K-OS opening for URSULA RUCKER at the Reverb (651 Queen West), Friday (November 16). $18. 416-760-3332. Rating: NNNNN
you'd think k-os would be ready for all the fuss around him. In the almost 10 years the Toronto MC/singer, born Kevin Brereton, has been making music, he's gone from obscurity to the future of Canuck hiphop and back more times than he cares to remember.
Now, with his long-delayed debut album, Exit, finally finished and set for a February release, it's just about go time. But he's still having second thoughts.
The instant he sits down over a heap of midday fries at the Rivoli, the garrulous Brereton launches into a lengthy bit about learning how to work within the machine, and breaking down the word "compromise" into a half-dozen different meanings.
Brereton argues that he's been working on Exit for 29 years, and to call the album long-overdue is an understatement.
K-OS seemed set up to break out years ago. Once managed by former Raptor and current BET host John Salley, Brereton released two well-received hiphop/soul songs, 93's Musical Essence and 96's Rise Like The Sun. Then he just vanished.
A three-year hiatus followed, during which hazy rumours surfaced about the stripped-down soul record K-OS was working on. Then, as quickly as he'd disappeared, Brereton reappeared as part of NXNE 1999, tearing the lid off the Reverb with a furious set of raw acoustic soul and hard rock.
So what was the problem -- artistic confusion, label politics?
K-OS says he removed himself from the scene just as his popularity was peaking.
"During that whole time, I had a record done. In fact, there were several completed records," Brereton explains. "But those records were pretentious and derivative. All I had were my influences -- A Tribe Called Quest, the Fugees, the whole Native Tongues vibe -- and I was still trying to figure out who I was.
"Can I sing and rap in hiphop? Is that allowed? Those were the things I was trying to figure out. People sabotage themselves when they're not ready. I wasn't interested in that.
"Everything changed in 1996 when I bought an acoustic guitar," he claims. "I wrote the song Heaven Only Knows and realized that there's a beat inside every instrument. There's melody, but you still want to knock your head."
The beats on Exit are all about melody. The album's unpolished sound is built around acoustic guitar and raw breakbeats. In an era of clinical, high-gloss hiphop production, a track like Follow Me, which features the MC rhyming and crooning over a prickly flash of flamenco guitar, is thrillingly organic.
That feel also opens the door to other sounds. The diverse record goes from rootsy hiphop and unrefined soul to a bit of sternum-rattling roots reggae called Superstar. Oddly enough, the disc ends with another song called Superstar, this one a soaring pop track that's more Radiohead than Kid A.
Like Brereton's decision to both sing and rhyme, the range of styles presented is more than just a novelty. Each sounds authentic, rooted in the strum of an acoustic guitar.
"As simple as it sounds, I listen to all sorts of music and want to reflect that in what I do," Brereton insists. "The reggae is part of me and so is the second Superstar, it's just in that Oasis-Radiohead-John Lennon language.
"People assume that black people don't speak that rock language, that it's just for white kids. The song just proves that we can."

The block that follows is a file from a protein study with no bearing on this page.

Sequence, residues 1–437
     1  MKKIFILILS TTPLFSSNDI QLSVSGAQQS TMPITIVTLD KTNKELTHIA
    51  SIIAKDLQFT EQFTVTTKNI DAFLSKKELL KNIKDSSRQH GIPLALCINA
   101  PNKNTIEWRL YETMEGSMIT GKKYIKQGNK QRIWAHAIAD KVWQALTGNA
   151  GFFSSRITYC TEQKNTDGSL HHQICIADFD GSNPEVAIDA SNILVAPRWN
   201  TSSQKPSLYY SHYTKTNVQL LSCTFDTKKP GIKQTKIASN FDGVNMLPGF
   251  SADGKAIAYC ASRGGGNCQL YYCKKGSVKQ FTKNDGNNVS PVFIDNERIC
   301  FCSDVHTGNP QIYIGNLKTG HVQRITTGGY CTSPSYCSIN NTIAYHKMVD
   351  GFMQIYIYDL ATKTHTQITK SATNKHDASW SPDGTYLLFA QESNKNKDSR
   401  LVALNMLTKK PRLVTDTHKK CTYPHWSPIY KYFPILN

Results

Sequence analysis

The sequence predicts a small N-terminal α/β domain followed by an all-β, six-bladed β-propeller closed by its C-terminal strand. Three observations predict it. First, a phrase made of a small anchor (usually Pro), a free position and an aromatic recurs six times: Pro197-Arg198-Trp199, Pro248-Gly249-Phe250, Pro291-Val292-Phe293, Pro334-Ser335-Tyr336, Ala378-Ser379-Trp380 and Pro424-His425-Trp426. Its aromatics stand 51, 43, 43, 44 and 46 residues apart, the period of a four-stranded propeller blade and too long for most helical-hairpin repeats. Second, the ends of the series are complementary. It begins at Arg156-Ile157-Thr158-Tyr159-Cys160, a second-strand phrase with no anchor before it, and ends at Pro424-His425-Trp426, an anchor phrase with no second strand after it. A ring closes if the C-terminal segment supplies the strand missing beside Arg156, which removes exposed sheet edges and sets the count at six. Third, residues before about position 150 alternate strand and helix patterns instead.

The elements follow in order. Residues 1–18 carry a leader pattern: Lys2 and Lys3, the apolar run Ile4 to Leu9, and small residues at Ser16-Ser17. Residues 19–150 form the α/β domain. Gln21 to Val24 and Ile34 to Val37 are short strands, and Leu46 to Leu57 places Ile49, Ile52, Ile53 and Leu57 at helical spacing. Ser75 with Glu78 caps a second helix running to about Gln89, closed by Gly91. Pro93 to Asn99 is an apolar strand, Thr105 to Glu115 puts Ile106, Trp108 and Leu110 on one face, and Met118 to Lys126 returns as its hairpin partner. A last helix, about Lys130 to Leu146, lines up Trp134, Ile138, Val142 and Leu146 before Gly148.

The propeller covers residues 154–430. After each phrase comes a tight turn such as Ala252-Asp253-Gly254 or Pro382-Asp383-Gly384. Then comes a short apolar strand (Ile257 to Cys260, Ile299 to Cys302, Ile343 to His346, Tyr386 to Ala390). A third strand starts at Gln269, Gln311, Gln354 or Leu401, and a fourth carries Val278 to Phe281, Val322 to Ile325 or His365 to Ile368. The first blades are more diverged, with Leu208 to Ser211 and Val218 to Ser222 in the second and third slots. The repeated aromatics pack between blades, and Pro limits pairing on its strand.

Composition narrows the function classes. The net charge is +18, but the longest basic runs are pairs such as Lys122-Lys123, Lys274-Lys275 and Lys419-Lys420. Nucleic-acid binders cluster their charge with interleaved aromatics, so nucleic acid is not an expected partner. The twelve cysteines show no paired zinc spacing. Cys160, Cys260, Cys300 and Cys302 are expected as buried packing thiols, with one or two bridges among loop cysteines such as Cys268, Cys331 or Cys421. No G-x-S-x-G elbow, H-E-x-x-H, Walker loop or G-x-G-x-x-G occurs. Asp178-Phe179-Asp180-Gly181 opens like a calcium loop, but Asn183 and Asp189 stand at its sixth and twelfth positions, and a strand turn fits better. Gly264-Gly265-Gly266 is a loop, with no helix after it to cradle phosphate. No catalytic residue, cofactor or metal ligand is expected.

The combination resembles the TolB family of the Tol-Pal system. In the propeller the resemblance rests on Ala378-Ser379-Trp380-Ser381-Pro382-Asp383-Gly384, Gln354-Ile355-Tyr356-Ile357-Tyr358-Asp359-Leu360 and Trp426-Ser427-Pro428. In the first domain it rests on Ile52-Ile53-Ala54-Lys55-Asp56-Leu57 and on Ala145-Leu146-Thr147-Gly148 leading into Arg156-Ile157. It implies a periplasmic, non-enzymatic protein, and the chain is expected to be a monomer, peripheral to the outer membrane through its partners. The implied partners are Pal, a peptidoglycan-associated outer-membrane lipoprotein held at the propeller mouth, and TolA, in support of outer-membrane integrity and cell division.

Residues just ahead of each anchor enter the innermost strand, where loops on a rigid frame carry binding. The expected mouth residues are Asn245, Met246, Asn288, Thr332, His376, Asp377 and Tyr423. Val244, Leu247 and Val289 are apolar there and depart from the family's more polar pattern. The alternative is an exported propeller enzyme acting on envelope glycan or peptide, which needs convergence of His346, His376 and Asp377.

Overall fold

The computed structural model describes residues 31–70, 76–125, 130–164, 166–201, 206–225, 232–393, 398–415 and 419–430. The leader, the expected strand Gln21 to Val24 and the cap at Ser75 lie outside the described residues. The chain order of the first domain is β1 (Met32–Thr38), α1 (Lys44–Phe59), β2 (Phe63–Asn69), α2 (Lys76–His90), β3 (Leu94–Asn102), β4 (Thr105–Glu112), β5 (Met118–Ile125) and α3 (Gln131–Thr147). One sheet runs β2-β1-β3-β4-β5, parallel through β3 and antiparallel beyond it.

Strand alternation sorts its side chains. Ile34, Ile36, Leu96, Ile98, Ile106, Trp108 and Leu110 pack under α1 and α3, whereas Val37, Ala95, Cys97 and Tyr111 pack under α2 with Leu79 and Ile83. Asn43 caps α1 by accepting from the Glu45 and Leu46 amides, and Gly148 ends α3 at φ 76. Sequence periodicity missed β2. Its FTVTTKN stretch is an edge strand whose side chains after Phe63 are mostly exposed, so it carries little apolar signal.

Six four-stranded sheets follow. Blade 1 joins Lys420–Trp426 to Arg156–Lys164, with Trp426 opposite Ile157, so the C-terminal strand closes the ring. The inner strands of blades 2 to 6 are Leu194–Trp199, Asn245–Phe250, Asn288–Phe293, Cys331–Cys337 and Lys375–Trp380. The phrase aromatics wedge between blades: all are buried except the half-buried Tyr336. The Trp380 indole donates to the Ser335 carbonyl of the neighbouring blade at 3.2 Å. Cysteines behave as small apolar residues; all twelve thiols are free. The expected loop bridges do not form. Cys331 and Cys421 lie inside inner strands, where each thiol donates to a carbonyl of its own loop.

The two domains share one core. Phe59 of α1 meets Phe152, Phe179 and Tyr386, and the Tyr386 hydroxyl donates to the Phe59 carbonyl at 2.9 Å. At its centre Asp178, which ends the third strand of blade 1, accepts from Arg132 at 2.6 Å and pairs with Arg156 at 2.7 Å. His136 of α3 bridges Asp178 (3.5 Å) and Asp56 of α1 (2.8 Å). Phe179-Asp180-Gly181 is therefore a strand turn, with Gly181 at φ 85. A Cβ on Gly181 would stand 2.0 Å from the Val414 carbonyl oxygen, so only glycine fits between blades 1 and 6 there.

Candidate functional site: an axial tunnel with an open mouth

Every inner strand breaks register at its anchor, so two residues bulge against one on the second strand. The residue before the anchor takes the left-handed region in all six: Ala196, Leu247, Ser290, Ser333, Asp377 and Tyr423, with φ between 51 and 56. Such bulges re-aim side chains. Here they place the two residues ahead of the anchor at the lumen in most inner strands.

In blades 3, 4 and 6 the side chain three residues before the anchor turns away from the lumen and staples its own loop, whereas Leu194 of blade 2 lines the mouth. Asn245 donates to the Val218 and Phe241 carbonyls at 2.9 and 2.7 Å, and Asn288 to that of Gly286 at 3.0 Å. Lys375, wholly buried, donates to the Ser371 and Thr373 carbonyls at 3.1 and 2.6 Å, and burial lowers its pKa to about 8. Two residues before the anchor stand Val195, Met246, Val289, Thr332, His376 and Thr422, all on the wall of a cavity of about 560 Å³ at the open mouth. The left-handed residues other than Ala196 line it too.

Part of that is simply Brereton reflecting who he is. During a summer playback for the album, he stunned many of the hiphop heads in the cramped studio by talking about growing up as a huge fan of New Order and Depeche Mode, as well as Boogie Down Productions and Slick Rick.
As befits an artist whose handle breaks down into Knowledge Of Self, Brereton is shockingly honest about where he comes from -- not a rough block of rep-enhancing housing projects but the middle-class hiphop mecca of Whitby.
"I can't deny who I am," Brereton laughs. "I'm from Whitby, Ontario. I was one of three black people in my high school. My best friend had a U2 jacket. When he used to come to my house to eat roti, I'd play him Jam On It and he'd play me Echo & the Bunnymen and Siouxsie & the Banshees. It was weird, but as long as there was a melody, I could get on it.
"Yeah, I'm a dark-skinned black man whose parents are from Trinidad and Tobago, but I'm also a kid from Whitby who used to listen to CFNY, and to deny that isn't knowledge of self."
Brereton insists that all these different sounds and influences are tied together through his lyrics. Exit is about as far away from the concept of hiphop as Jay-Z-inspired escapism as you can get.
It's a very spiritual record, at times sounding as much like a gospel album as a hiphop/soul set. Brereton boasts about spending two years in libraries reading up on world religion to avoid sounding preachy, and he's very open about his spirituality and its influence on his music. That's hardly surprising considering K-OS comes from a family of Jehovah's Witnesses.
"My name is K-OS -- Knowledge Of Self," he nods. "That's what I preach, and that's what my spirituality teaches me.
"Each track deals with knowledge of self, exiting, trying to get out of this quagmire. Hiphop is stuck in this maze, and it doesn't have to be like that.
"This is an exit away from people thinking that music is just entertainment. "Ooh, don't make me think during music. I work all week and now I want to escape.' That's wack.
"As long as I keep that focus," he says with a stare, "I could do accordion music and rhyme over it and it would sound dope."